Patients diagnosed with Heartland virus disease generally become sick from May-September. They have a flu-like illness fever, headache, muscle aches,diarrhea, appetite loss, and feel very tired. Most have low numbers of white blood cells that fight infection and low numbers of platelets that help blood clot. Most patients required hospitalization for their illness but fully recover. One patient (out of 20 that have been diagnosed) has died.

People who work or do activities outside, where they are exposed to ticks or insects,are more likely to be infected. There is no vaccine or drug to prevent or treat the disease. Preventing bites from ticks and mosquitoes may prevent this and other infections.
  • Use insect repellents
  • Wear long sleeves and pants
  • Avoid bushy and wooded areas
  • Perform thorough tick checks after spending time outdoors
For more information, click here to access the CDC.

Bourbon Virus

Bourbon virus is a novel RNA virus in the genus Thogotovirus (family Orthomyxoviridae)that was recently discovered in Bourbon County, Kansas. Bourbon virus is the only thogotovirus known to cause human disease in the United States. However,other thogotoviruses, such as Thogotovirus and Dhori virus, are known to cause human disease in other parts of the world.

We do not yet fully know how people become infected with Bourbon virus. However, based on what we know about similar viruses, it is likely that Bourbon virus is spread through tick or other insect bites. Most related viruses that cause human disease are transmitted through the bite of a mosquito, tick, or sand fly.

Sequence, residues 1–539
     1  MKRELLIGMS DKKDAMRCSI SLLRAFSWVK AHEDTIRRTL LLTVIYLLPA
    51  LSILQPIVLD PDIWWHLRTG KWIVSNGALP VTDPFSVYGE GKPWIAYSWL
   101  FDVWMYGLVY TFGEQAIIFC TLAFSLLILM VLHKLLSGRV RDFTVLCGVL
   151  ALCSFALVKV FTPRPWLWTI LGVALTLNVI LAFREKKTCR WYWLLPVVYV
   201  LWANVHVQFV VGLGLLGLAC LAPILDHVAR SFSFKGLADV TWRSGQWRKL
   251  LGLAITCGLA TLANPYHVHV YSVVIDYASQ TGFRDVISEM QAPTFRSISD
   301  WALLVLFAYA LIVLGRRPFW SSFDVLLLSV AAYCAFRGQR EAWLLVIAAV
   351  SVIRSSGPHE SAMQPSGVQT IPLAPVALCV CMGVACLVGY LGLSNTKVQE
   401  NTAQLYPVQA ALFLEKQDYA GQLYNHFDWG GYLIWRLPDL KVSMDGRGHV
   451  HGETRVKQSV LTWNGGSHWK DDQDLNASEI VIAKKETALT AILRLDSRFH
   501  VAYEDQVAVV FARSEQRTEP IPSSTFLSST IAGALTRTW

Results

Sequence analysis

There have only been a few cases of Bourbon virus disease identified but their distribution is similar to that of Heartland virus (e.g.,Kansas, Missouri, and Oklahoma). It is unknown at this time if these viruses may be found in other areas of the United States.

As of June 27, 2017, a limited number of Bourbon virus disease cases have been identified in the Midwest and southern United States.Some people who have been infected later died. At this time, we do not know if the virus might be found in other areas of the United States.

Because there have been few cases identified thus far,scientists are still learning about possible symptoms caused by this new virus.People diagnosed with Bourbon virus disease had symptoms including fever,tiredness, rash, headache, other body aches, nausea, and vomiting. They also had low blood counts for cells that fight infection and help prevent bleeding.

People likely become infected with Bourbon virus when they are bitten by a tick or other insect. Therefore, people who do not take steps to protect themselves from tick or insect bites when they work or spend time outside may be more likely to be infected.

There is no vaccine or drug to prevent or treat Bourbon virus disease. Therefore, preventing bites from ticks and other insects may be the best way to prevent infection. Here are ways to protect yourself from tick and other bug bites when you are outdoors:
  • Use insect repellents
  • Wear long sleeves and pants
  • Avoid bushy and wooded areas
  • Perform thorough tick checks after spending time outdoors
Because there is no medicine to treat Bourbon virus disease, doctors can only treat the symptoms. For example, some patients may need to be hospitalized and given intravenous fluids and treatment for pain and fever. Antibiotics are not effective against viruses, including Bourbon virus.